‘We kept on shouting, waiting for there to be any call from Ada, but there were no replies in that darkness. Almost every one of us was dying for her glimpse.’
OMPORA, Budgam – When dusk descended on a downtown family living in the shade of the ‘wild’ nursery here on June 3, the only trace of their disappeared daughter were the blood trails left by three man-eaters.
The trailers moved by the innocent girl’s sudden vanishing scanned the woods till midnight. But except the doll dumped in her lawns, there was no clue, before the dark night started throwing some startling surprises.
By the new daybreak, however, the harrowing night ended when the angelic-faced daughter of the Mir family was retrieved dead from the den of leopards.
Unlike her silent departure, the arrival came with a sentimental storm when the caravan of mourners walked towards her house carrying a mauled corpse, gut-wrenching memories and a sweet child that was meant never to be heard again.
Ada was five and was playing in her kitchen garden with her brother and grandfather when three leopards barged into the partially walled side of her house on Thursday evening. She was the only one that the man-eaters targeted and wrenched her neck to its den.
Less than 12 hours later, her mauled body was found deep inside the jungle.
The tinniest coffin proved heaviest for mourners.
An hour after her funeral, the rush of mourners keeps on wailing, shrieking and calling: “Ada!”
Her father is sitting in a hellhole of grief, unaware about the surrounding mourners. He has let his mind drift in the jovial memories of his daughter while her mother has tucked herself into the fairy dresses of her baby doll.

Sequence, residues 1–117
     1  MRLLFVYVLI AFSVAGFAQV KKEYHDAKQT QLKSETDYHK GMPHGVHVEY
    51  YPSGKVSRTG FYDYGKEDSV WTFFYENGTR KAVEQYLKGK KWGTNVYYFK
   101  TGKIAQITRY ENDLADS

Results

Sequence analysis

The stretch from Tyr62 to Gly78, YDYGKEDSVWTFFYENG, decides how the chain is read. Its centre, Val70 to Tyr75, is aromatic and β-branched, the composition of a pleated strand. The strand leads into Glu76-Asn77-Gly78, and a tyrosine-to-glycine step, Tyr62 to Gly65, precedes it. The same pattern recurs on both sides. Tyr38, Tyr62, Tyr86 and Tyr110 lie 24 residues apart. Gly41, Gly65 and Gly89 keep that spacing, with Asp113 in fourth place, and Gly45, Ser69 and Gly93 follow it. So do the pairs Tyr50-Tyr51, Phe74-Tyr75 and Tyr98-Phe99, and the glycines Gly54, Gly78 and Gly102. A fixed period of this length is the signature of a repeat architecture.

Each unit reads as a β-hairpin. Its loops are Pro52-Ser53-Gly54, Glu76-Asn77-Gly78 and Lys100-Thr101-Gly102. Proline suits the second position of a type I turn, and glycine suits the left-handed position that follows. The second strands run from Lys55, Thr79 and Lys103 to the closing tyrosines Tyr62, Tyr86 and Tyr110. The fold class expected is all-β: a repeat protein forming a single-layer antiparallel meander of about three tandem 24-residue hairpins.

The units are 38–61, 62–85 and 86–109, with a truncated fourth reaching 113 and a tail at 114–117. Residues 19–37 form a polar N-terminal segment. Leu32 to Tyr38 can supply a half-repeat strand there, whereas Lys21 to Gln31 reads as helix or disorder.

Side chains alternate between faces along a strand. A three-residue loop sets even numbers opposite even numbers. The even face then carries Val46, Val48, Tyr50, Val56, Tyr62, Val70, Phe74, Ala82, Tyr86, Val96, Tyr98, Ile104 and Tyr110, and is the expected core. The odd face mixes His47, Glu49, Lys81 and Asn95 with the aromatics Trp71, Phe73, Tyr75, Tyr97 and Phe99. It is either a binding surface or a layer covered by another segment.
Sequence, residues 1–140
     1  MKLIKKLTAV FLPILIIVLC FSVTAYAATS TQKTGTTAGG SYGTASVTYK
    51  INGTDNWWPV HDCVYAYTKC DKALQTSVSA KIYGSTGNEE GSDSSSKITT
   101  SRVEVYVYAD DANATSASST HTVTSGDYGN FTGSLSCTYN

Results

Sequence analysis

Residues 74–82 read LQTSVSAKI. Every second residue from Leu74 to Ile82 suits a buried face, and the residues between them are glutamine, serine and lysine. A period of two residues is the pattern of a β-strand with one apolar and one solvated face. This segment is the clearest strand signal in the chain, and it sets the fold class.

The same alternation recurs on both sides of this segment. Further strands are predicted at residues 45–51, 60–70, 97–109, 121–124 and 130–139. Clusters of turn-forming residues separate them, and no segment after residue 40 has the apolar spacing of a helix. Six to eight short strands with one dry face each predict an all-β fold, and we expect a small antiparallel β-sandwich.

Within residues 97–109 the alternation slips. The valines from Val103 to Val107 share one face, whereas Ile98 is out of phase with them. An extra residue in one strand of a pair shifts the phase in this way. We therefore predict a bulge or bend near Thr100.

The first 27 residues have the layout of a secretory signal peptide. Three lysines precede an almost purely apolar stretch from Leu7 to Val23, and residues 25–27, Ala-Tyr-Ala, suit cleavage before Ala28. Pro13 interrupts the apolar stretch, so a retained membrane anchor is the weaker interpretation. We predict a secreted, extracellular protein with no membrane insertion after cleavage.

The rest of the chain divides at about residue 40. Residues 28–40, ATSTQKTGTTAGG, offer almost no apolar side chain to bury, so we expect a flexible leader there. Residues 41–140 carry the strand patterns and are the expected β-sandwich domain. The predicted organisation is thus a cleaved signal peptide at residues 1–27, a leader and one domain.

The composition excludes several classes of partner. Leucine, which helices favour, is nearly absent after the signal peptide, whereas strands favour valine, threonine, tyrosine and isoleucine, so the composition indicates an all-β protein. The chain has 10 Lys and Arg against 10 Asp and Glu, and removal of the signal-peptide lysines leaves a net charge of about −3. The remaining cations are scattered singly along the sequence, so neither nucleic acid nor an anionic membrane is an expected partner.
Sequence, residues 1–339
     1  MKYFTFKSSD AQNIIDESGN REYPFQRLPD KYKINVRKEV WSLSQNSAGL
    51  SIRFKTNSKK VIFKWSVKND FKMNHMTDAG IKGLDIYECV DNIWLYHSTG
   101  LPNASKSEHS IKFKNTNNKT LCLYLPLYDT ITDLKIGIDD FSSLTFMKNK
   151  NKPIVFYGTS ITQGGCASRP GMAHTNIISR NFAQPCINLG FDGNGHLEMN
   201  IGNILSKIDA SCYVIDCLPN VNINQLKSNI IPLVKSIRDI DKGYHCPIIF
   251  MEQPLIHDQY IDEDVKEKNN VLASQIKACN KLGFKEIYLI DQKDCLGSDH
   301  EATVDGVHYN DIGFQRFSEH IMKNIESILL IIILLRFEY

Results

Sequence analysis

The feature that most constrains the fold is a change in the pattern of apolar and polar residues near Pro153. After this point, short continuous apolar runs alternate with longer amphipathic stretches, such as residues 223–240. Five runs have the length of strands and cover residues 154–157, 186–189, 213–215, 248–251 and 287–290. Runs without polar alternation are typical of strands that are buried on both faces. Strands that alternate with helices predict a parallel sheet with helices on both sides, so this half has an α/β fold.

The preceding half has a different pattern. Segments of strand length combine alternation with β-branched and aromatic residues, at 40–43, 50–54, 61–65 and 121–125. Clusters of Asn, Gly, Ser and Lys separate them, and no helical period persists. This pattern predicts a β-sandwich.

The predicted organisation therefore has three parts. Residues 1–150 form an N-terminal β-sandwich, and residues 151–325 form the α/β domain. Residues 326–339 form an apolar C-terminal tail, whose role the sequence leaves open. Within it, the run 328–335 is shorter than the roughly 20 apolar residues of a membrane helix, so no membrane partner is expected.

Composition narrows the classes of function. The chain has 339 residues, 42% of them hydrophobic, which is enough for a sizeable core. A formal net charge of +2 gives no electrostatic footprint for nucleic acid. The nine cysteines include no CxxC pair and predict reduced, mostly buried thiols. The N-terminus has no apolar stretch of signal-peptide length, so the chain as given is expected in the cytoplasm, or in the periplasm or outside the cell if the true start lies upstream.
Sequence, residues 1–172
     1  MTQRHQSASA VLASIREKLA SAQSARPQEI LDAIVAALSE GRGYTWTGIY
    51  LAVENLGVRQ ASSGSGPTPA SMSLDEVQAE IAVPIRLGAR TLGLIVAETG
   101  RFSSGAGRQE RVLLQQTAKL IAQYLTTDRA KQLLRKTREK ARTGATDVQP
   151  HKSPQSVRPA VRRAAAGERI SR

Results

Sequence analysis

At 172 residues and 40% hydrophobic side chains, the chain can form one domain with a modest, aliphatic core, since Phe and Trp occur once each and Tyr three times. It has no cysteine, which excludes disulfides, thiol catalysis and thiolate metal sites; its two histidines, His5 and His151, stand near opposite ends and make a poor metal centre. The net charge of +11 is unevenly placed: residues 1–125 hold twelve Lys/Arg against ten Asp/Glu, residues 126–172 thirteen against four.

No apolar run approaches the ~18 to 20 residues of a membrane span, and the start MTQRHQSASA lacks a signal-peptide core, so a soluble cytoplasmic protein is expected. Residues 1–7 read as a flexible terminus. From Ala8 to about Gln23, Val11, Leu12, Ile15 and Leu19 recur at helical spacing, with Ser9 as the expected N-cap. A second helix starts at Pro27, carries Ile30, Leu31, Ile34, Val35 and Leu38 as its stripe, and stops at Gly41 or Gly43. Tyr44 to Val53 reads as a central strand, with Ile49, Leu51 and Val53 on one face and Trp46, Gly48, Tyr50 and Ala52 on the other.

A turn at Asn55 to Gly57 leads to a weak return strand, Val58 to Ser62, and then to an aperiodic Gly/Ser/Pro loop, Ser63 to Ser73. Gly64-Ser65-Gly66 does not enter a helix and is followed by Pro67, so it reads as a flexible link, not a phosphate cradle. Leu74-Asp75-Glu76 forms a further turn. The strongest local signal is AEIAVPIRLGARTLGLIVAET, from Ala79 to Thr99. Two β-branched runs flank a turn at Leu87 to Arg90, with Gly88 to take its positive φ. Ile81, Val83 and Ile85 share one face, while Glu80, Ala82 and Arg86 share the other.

With her parents numb with grief, the only person able to talk is one of her uncles, trying his best to avoid Ada’s sweet memories, but he’s soon cornered as a tinge of panic shot through him and with his misty eyes he responded, “Today onwards, I won’t be able hear the sweet words of our doll!”
As soon Ada was attacked and snatched from her family, a swift tracing operation was launched by her family members, neighbours and SDRF team, cops and Wildlife officials. In the midst of dark, the joint-team of rescuers were walking through the dense forest of Ompora and calling for Ada but there were no takers of the shrieks.
“We kept on shouting, waiting for there to be any call from Ada,” said Javaid Ahmed, a neighbour who was a part of the rescue team. “But there were no replies in that darkness. Almost every one of us was dying for her glimpse.”
Their disparity was such that with each unheard call, their hopes started running low and it was during this strange lightness of emotions that Ada’s father stopped and cried, waiting to hear his daughter.
As they kept on trekking, someone in the group stumbled upon an unrecognizable item.
“It was quite dark and nothing much was visible, so the leading scouts pulled their torches and illuminated the lying item, and then, something terrible and grueling pinged us all,” said Javaid, as he recalls the wrenching incident.
“It was a body-part,” he paused before an overwhelming emotion stormed him and then he continued, “We all knew who it belonged to, and how it came there.”